I know it’s time to wake up when I hear the double whack of the papers against my front door. I love the little Christmas notes the delivery man leaves in then each holiday. My wife and I sit down over coffee in the mornings and pass sections of the paper back and forth to one another. We like to read particularly good obits out loud. We always make a point to read the Letters to the Editor in the Globe and applaud well-thought out, spiffy arguments.

The weekends have their own special rites. There’s more paper. There’s more coffee. I have a way I like to have the papers arranged with certain sections up front and certain sections (NYTimes Sports pages) go straight to recycling.

Many of the Sunday sections (Style and Book Review) lay on the dining table right up until recycling day to be enjoyed.

I think we miss something when we let so much of the world get curated for us.

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I’m Going Back to CDs


I remember when my wife and I first got together and combined our CDs. It was kind of magical to see where the overlaps were. Obviously we both had an Ani DiFranco thing, but also some Shelby Lynne, a ridiculous number of Marianne Faithful overlaps and Radney Foster for goodness sakes.

I kind of miss that.

I also miss listening to a full album and not “smart playlists” or a “collection” or what have you.

So I bought the Taylor Swift. Because my musical tastes for the most part hover around that of a 14-year-old girl.

Just to remain balanced. And also because I have a heart, I also bought The Rails’ “Fair Warning“.


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Buying Art Is an Act of Courage


This weekend was the 10th anniversary of Roslindale Open Studios.

It also snowed and rained and sleeted this weekend, so just going outside really was an act of courage. But also something that Bostonians of any moral standing know how to do. Because if you hunker down this early in the game, you’re not going to see your neighbors again until early May.

I saw a ton of neighbors this weekend.

I saw a lady dancing to live salsa music on the steps of the Roslindale Congregational Church with snow falling around here.

I saw dozens of people coming and going from the numerous home studios of artists in our neighborhood.

I bought a photograph of the exact skyline over the Charles River I saw when my wife asked me to spend my life with her. From a photographer who lives across the street from some of our best friends.

I bought an amazing print of a landscape of Race Point on Cape Cod from an artist around the corner from us.

I finally got to see inside the amazing art studio that sits just beyond my back fence. We have the good fortune to share a back fence with the Ulman family. There’s nothing more magical than the nights where they’re working in the studio and throw open all of the lights and play music out into the neighborhood. The picture at the top of the post is just a small snippet of the inside of that magical place and I feel blessed to have them as neighbors.

And. I got to meet Barry Margolin who was in his first Open Studios and I think he said it was only the second time that he’s exhibited at all. I was trying to pick out one of his pieces for the house because I just loved the technique he uses so much.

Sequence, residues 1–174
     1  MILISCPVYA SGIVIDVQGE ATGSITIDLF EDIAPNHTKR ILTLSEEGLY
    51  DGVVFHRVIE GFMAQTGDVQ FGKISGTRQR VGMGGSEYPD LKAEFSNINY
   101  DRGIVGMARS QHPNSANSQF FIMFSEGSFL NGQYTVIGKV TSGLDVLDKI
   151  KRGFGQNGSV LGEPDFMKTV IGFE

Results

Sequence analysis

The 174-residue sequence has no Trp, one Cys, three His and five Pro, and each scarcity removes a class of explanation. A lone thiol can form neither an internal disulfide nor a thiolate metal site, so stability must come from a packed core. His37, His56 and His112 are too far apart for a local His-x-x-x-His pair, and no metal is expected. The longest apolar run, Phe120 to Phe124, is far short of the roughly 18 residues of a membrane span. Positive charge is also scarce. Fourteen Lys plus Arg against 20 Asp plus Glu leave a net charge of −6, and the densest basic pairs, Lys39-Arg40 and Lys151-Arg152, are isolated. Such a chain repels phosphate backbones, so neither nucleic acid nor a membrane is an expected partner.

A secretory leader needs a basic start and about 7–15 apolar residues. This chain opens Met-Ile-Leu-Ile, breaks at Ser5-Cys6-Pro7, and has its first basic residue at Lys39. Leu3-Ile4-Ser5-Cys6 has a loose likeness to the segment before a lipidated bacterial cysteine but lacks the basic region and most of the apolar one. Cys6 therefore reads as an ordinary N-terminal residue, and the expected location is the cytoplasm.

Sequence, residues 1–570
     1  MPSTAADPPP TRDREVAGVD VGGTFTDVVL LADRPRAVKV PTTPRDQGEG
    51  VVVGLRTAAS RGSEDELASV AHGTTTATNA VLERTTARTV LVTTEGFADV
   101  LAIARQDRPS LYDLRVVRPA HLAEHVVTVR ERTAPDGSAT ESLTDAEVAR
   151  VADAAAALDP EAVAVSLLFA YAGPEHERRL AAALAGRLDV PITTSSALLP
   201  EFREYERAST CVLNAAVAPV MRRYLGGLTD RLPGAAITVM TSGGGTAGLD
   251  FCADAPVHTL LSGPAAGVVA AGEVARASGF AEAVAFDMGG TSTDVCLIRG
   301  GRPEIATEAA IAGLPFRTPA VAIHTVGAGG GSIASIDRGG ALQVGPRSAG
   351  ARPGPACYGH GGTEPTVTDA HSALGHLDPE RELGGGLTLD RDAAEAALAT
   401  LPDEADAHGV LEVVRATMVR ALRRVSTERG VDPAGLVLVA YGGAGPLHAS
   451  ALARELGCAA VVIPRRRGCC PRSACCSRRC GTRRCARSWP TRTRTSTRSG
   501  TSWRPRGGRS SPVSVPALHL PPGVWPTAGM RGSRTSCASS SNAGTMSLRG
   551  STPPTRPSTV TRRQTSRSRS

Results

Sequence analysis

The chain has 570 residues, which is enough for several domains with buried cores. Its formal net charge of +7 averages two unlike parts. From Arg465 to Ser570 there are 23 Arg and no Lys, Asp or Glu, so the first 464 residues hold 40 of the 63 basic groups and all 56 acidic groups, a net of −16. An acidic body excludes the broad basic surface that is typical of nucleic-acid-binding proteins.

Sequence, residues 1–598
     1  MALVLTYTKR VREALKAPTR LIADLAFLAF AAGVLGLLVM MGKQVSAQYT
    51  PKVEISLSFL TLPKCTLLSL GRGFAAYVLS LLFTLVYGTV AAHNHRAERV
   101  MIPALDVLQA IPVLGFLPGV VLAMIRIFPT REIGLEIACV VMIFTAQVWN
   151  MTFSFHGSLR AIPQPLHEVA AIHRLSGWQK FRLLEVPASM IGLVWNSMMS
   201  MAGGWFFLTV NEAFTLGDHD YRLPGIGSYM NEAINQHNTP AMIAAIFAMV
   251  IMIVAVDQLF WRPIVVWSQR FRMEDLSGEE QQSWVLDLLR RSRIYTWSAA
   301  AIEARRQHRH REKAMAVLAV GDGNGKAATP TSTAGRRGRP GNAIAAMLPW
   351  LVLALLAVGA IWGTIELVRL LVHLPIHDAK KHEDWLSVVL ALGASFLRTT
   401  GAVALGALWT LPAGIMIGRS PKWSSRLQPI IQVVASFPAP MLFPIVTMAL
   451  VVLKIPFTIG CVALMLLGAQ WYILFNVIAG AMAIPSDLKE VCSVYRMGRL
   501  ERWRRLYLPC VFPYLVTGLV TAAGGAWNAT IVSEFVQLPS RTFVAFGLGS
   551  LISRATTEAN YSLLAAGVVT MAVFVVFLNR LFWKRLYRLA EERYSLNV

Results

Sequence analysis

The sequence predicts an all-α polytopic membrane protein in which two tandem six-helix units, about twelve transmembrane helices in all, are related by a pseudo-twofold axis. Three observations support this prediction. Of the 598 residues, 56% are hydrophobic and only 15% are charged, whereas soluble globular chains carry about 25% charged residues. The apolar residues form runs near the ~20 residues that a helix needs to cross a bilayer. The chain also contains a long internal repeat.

And sensing my indecision, Barry turned to me and said “Buying art is just such an act of courage. Because you’re making a statement and bringing something into your home and opening yourself up in some way. That’s courage.”

Thank you Barry.

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My FitBit is a Steps Pusher

10597448_818635444823753_1865454542_nI set a challenge for myself in October to walk 8,000 steps a day (Thanks, FitBit. You steps pusher, you.)

Like most people, I was averaging around 3-4,000 steps a day so figuring out how to double that count on a daily basis took some work. I had to figure out each day’s strategy based on what was happening with that day.

  • Is it raining outside?
  • Is it going to be super dark outside and do I want to walk in the super dark (as opposed to regular dark)
  • Do I have a number of meetings during the day that would require me to walk from building to building?
  • Do I have meetings at night that would interfere with my getting in my full steps?

In the end, what worked for me was a combination of setting incentives for myself and finding a way to weave walking into the natural course of my day. Here’s what worked for me:

  • I began using my membership to the YMCA to walk on their treadmills. I am an off-the-chart “E” on the Myer’s Briggs test (ENFJ) and being around people — even if I’m not talking to them — just naturally boosts my spirit.
  • I learned that if you want to take more steps, you have to walk more. I know. Seems obvious. It was a revelation to me. I have the amazing luck to work in a beautiful area in downtown Boston (see the image with this post… how beautiful is that? Good job, Boston), and realized that I could take an extra 10 min at lunch when running to get a sandwich to explore a few blocks. Exploring is code word for getting steps in.
  • I changed a little-used, very small, guest room in our house into a room for the treadmill that had been sitting in the garage. I’m also very inspired by how my surroundings look, so I took a long time in figuring out how to decorate the room. “Long time figuring out” is code for “hours walking around Ikea” which also got me more steps. Ikea is a great place to get in steps.